Research has shown that feeling authentic and open at work leads to better performance, engagement, employee retention, and overall well-being. Employers are starting to lead by being transparent themselves when it comes to mental health. TOMS Shoes founder Blake Mykoskie was diagnosed with mild depression five years ago, and has announced plans to launch a self-help toolkit in 2020 “to help people live their best lives.”
EY (formerly Ernst & Young) launched an “r u ok?” program to help employees talk about mental health openly and frankly. And at Buffer, employees as well as the founder and chief executive Joel Gascoigne, post in Slack about their anti-anxiety medications and therapy sessions. Talking about these issues, particularly when executives are leading the charge, helps encourage others to talk about them or seek help.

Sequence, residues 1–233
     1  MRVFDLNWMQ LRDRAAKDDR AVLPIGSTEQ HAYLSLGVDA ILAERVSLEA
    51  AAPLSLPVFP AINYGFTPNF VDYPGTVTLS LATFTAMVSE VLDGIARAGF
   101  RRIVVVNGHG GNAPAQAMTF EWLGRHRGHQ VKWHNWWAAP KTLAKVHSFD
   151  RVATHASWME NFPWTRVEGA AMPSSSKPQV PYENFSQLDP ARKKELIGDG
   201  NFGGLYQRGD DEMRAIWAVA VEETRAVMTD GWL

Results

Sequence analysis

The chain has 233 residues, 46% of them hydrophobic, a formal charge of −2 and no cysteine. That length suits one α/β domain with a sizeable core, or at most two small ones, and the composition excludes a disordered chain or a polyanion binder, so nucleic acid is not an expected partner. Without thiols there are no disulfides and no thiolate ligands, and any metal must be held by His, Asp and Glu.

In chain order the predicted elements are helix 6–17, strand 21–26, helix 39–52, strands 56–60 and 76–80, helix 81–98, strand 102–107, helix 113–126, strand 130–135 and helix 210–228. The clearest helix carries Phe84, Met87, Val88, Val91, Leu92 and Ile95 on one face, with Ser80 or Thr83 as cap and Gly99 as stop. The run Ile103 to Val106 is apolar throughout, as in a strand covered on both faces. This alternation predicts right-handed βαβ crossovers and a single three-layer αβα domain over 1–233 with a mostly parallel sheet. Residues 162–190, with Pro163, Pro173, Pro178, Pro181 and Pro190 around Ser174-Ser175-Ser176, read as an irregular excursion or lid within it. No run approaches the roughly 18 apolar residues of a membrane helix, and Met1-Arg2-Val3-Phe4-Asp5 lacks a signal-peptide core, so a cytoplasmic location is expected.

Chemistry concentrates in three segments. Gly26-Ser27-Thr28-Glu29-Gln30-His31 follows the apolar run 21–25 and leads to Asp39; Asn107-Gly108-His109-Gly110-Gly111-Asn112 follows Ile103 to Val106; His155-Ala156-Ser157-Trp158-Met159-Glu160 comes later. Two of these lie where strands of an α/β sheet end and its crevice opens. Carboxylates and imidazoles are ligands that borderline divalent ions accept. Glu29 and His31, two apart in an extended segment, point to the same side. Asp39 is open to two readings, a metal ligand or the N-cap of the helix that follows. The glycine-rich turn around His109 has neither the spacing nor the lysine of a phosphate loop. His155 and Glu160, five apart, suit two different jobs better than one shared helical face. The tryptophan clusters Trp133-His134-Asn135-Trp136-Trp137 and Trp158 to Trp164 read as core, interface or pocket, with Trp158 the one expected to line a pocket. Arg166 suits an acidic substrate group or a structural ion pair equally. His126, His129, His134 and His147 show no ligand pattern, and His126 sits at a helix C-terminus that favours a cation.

3. Hiring contract workers.
According to an NPR/Marist poll conducted in 2018, 1 in 5 American jobs are currently held by a contract worker, and it’s predicted that within a decade, contractors and freelancers could make up half of the U.S. workforce. Contracting enables employers to hire for specialized experience on-demand, quickly size up or down depending on workload needs, and trial employees they may want to add to full-time staff. Companies often turn to contract talent solutions when they need a subject matter expert; have urgent hiring needs; or experience project-based needs. (If you’re considering contract talent solutions and not sure where to start, reach out — we can help.)